San Francisco Giants second baseman Nick Noonan throwes out a runner in an exhibition spring training baseball game against the Cincinnati Reds Wednesday, March 13, 2013, in Goodyear, Ariz. (AP Photo/Mark Duncan)

Well, that was one option we had not considered.

The battle — if you want to call it that — for the final reserve infielder spot for the San Francisco Giants took an interesting turn on Friday morning.

The Giants released veteran infielder Wilson Valdez, who was previously thought to have the inside track of landing the job, if only by default. But Valdez hit only .194 this spring with spotty defense.

“It’s just respect for a veteran player who wasn’t going to make our club,” Giants VP Bobby Evans Evans said. “Let him go out and find another opportunity.”

The news was surprising because the Giants reassigned Kensuke Tanaka, the only other healthy candidate for the job, to Fresno on Thursday. Tony Abreu remains hurt and only has had two spring ABs, although Evans said Abreu is close to returning and wouldn’t need as much time to get ready for the season, as a reserve infielder.

But with Friday’s move, it opens the door again for Nick Noonan, who was optioned to Triple-A on March 15. Noonan was hitting .186 in 18 games before being sent down. However, he only struck out once in 43 at-bats and played the best defense of any of the middle infield candidates. Noonan played shortstop, third base and second base last season for Fresno.

Noonan, 23, was a first-round sandwich pick (32nd overall) in 2007 draft out of Parker High in San Diego. He was a Baseball America Rookie All-Star in 2007 after hitting .316 in 52 games for the Giants’ Arizona Rookie League team.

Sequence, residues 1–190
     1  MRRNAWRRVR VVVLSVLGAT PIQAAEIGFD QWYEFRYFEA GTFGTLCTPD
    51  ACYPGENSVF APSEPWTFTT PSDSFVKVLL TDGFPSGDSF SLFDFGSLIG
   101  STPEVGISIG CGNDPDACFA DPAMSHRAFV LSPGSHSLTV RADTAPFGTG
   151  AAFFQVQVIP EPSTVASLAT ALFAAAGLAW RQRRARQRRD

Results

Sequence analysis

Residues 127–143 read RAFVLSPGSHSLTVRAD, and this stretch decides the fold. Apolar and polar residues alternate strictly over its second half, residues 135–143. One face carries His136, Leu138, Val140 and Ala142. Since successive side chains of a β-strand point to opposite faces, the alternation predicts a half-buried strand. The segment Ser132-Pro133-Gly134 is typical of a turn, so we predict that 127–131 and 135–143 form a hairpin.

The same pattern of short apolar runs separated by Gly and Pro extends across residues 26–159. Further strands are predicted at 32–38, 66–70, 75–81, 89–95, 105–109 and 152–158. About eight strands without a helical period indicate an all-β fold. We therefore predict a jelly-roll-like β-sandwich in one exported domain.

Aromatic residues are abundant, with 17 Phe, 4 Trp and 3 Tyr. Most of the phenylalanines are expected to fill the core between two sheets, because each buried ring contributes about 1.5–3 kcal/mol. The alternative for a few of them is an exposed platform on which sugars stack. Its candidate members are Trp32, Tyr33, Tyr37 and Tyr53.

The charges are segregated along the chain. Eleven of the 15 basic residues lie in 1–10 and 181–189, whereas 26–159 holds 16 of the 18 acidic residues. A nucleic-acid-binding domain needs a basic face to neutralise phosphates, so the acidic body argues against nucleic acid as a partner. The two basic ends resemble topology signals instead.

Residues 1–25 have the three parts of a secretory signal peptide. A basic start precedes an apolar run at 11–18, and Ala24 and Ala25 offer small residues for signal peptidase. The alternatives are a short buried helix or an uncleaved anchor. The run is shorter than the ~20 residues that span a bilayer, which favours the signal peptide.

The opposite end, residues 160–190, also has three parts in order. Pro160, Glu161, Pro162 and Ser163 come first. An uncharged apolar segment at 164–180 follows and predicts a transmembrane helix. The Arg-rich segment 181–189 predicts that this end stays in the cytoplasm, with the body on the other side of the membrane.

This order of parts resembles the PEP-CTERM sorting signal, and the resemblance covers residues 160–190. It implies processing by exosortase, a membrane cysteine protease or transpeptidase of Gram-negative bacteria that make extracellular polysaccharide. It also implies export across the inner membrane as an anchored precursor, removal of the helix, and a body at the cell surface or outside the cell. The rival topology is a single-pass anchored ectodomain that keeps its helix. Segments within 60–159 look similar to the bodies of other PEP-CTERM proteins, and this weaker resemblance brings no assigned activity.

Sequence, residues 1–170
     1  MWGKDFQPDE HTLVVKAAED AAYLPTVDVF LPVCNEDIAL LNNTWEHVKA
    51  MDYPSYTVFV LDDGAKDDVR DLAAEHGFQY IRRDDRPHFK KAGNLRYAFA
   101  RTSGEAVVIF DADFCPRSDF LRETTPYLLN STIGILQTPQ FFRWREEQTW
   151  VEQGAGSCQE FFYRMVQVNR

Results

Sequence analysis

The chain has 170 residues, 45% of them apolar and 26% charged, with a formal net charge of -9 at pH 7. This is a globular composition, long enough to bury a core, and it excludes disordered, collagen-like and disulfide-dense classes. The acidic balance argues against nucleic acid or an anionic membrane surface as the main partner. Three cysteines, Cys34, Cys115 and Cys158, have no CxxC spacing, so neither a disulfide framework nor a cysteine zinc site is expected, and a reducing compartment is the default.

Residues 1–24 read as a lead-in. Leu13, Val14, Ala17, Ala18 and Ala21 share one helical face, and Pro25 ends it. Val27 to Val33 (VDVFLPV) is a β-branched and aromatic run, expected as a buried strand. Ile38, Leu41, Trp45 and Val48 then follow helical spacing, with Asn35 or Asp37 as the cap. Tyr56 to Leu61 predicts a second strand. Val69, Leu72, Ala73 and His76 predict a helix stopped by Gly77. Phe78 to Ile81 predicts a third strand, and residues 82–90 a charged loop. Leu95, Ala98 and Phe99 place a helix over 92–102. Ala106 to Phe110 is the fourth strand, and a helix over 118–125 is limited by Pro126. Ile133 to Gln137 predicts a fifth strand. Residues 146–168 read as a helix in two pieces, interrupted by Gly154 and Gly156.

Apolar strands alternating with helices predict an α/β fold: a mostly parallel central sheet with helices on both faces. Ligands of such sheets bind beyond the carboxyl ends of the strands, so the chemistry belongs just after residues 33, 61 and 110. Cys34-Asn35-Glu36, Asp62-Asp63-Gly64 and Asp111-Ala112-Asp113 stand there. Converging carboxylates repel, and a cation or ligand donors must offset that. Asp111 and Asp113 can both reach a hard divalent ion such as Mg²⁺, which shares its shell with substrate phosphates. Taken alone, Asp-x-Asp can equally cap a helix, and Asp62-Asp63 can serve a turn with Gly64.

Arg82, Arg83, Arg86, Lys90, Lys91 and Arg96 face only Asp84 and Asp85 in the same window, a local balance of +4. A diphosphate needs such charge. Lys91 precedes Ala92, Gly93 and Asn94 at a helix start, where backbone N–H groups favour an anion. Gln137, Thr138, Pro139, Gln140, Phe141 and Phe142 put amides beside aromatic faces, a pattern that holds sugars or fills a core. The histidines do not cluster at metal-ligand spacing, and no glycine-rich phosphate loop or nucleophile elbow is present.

Then his career headed on a downward track. He hit .279 for low-Class A Augusta in 2008, .259 for high-Class A San Jose in 2009, .237 for Double-A Richmond in 2010 and .229 between San Jose, Richmond and Triple-A Fresno in 2011.

But he had his best season as a pro for Fresno last season, hitting .296 with a .347 OBP, nine home runs and 62 RBI, earning him a spot on the 40-man roster.

The Giants must have liked what the saw in Noonan after going to minor-league camp to make this move and give him a shot of being on the roster on April 1. Evans also said the Giants would consider options via a trade or waiver wire. But for now, Noonan moves to the forefront.

“We’ll continue to get a look at him,” Evans said of Noonan. “It does bode well for him if Abreu can’t get healthy.”

Friday’s move also bodes well for Cole Gillespie. With Noonan and Abreu both on the 40-man roster, the Giants now don’t have to create a spot for Gillespie if they decide to give him the reserve outfielder job over Francisco Peguero.

The Giants have two open spots on their 40-man roster and can create a third by placing pitcher Eric Surkamp on the 60-day DL. Now those three spots could potentially go to reliever Chad Gauin, catcher Guillermo Quiroz and Gillespie.

Also Friday, the Giants released reliever Ramon Ramirez in a less-surprising move.